May this year.
"I played five or six times since the draft," he said. "I used to be able to get up to Palm
Springs and spend a couple months there. But I'm not playing nearly as much now
because of the draft and because we ended late, which is where we wanted to.
"I missed it. I miss getting the juices flowing. I woke up this morning with the
butterflies. I don't get to do this very often, maybe two or three times a year. So when I
get a chance to do it it's a lot of fun. I'm a more consistent player now, a little more in
control and my highs and lows aren't nearly as far apart as they used to be.
"I'm not trying to kill it, hit it as far as I can," he said. "I try to hit it straight."
Elway, an amateur, was in a threesome with professionals Paul Lobato and Bill Loeffler,
who both shot 2-over par.
Elway's caddie was 14-year-old Davis Bryant, who will be a freshman at Eaglecrest High
School in the fall. Bryant's father, Matt, is the golf pro at Green Valley.
"It was wonderful. Very good players, very fun," Davis Bryant said.
Elway to Speak at NFL Career Symposium
By David DeChant
May 27, 2014
ENGLEWOOD, Colo. -- After the Broncos' first OTA this Wednesday through Friday,
Executive Vice President of Football Operations/General Manager John Elway is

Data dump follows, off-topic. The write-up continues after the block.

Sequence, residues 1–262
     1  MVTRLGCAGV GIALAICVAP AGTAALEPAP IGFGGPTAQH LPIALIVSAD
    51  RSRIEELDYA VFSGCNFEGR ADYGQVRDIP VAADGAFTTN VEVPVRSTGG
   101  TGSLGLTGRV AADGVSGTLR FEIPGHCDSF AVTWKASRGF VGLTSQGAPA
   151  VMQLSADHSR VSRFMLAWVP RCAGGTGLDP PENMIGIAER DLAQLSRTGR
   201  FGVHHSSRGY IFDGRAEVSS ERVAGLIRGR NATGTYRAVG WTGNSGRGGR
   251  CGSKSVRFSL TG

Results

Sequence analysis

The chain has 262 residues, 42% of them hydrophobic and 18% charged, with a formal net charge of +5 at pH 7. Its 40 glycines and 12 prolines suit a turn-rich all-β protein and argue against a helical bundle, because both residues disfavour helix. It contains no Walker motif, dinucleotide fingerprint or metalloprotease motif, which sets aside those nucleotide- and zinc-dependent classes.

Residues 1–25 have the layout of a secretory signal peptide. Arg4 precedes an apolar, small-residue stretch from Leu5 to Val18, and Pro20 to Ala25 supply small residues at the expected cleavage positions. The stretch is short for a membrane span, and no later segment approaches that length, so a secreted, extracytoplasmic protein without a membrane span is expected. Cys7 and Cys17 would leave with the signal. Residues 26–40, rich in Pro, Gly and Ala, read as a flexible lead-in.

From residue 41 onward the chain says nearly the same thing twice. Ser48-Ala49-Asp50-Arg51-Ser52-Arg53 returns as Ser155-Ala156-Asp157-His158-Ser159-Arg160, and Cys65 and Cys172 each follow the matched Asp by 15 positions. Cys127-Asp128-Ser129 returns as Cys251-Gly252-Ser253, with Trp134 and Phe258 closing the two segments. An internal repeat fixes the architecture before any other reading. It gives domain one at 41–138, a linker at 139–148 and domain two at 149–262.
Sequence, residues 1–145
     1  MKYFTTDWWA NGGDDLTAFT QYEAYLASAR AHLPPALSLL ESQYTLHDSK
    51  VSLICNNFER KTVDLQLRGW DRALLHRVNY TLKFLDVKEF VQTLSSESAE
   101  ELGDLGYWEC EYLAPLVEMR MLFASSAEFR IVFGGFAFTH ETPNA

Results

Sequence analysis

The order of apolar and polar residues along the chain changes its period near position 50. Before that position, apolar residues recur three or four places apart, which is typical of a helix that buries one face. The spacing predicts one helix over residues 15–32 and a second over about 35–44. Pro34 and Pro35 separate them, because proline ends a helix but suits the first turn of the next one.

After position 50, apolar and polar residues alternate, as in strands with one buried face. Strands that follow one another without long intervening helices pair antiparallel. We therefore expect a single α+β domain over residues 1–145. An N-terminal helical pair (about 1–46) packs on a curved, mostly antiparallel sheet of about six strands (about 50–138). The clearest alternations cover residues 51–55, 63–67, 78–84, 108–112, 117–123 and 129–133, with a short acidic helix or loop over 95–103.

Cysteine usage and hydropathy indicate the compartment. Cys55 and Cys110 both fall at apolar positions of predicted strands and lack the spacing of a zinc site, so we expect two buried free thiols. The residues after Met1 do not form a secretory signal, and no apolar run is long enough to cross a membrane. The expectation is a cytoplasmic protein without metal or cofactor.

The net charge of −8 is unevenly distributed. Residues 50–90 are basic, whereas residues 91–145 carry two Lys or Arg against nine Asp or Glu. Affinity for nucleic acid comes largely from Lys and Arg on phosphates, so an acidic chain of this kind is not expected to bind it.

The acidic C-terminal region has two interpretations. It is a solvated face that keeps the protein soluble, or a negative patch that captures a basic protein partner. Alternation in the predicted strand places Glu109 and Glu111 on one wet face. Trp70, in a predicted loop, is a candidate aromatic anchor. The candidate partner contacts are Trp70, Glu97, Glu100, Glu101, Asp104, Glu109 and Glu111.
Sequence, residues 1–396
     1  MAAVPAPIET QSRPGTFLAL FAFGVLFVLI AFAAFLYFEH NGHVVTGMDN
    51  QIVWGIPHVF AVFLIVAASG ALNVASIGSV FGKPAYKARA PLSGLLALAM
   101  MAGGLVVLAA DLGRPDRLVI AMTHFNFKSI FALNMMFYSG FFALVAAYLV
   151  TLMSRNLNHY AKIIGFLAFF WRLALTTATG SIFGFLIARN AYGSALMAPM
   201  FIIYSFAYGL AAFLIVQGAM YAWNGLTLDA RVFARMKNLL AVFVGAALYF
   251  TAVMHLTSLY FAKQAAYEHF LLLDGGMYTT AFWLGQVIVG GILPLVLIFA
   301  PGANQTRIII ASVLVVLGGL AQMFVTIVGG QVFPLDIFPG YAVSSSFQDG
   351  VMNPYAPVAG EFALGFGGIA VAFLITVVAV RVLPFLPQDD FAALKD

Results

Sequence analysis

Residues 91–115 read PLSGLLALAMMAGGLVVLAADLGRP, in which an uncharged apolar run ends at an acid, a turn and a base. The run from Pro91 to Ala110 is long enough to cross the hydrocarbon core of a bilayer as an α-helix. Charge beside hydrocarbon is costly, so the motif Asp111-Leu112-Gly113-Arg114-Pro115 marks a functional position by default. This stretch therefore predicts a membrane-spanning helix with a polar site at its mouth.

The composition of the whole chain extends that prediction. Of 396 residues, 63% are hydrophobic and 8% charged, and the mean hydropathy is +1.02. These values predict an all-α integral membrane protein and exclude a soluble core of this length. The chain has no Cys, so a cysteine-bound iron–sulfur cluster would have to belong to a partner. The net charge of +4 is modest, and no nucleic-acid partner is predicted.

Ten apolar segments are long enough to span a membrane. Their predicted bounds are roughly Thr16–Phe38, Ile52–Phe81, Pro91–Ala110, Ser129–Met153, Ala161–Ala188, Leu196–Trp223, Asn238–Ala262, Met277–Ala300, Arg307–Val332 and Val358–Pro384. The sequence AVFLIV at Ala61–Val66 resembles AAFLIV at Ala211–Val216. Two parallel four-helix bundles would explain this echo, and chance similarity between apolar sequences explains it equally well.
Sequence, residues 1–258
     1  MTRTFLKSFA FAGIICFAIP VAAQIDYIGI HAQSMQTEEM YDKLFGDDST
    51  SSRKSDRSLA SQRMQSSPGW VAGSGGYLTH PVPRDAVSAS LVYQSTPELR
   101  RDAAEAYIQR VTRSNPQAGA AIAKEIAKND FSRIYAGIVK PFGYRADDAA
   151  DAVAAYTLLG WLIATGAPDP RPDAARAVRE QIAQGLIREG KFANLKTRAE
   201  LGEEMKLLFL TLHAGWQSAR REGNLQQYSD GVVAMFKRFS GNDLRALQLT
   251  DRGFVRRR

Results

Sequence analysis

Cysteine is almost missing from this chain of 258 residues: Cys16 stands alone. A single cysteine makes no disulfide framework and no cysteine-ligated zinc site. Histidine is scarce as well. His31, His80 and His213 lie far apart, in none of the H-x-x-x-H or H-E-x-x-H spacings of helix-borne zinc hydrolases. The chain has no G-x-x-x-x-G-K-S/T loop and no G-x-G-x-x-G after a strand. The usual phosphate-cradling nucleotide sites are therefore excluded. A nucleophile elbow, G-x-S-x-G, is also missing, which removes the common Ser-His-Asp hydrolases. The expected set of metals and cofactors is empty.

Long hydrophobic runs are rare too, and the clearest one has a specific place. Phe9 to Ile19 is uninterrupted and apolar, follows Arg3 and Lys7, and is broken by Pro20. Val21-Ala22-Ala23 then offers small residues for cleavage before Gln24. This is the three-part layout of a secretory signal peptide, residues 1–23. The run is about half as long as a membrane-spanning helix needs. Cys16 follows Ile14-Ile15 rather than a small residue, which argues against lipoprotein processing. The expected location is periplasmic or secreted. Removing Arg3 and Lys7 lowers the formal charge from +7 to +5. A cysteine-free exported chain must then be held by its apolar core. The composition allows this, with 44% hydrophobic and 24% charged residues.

heading to the University of Pennsylvania this weekend for the annual NFL Career
Development Symposium.
Elway is one of seventy NFL executives and coaches attending the event, which was
described as "an important part of preparing the next generation of NFL head
coaches and general managers" by NFL Executive Vice President and Chief Human
Resources officer Robert Gulliver.
Elway will also be among the speakers at the event, with others including Browns
Owner Jimmy Haslam, Falcons General Manager Thomas Dimitroff and Chiefs Head
Coach Andy Reid.
“The Career Development Symposium is and continues to build on the progress we
have made over the past decade in developing talent,” Gulliver said.
The three-day program connects aspiring head coaches and general managers
through "presentations, panel discussions, breakout sessions and networking
“The development of this diverse pool of coaching and front office talent keeps the
NFL strong now and into the future,” NFL Executive Vice President of Football
Operations Troy Vincent said.
Participants are selected by the NFL office after NFL clubs submit nominations from
their staffs.
ENGLEWOOD, Colo. Denver Broncos Executive Vice President of Football Operations and General
Manager John Elway will receive the Champion of Youth Award at the Boys and Girls Clubs Gala on
showcasesindividualachievementsandhighlights theimpactful programsofferedtomorethan2,000
The Gala welcomes 1,000 business leaders, elected officials and community members committed to
The Boys & Girls Clubs of Metro Denver remains the flagship community initiative for the Denver
John Elway's winning ways emphasize
free agency over draft
By Mike Klis
The Denver Post
Sunday, March 23, 2014
Before he became a Bronco, John Elway was a New York Yankee.
No wonder Elway has become the George Steinbrenner of the NFL. Without the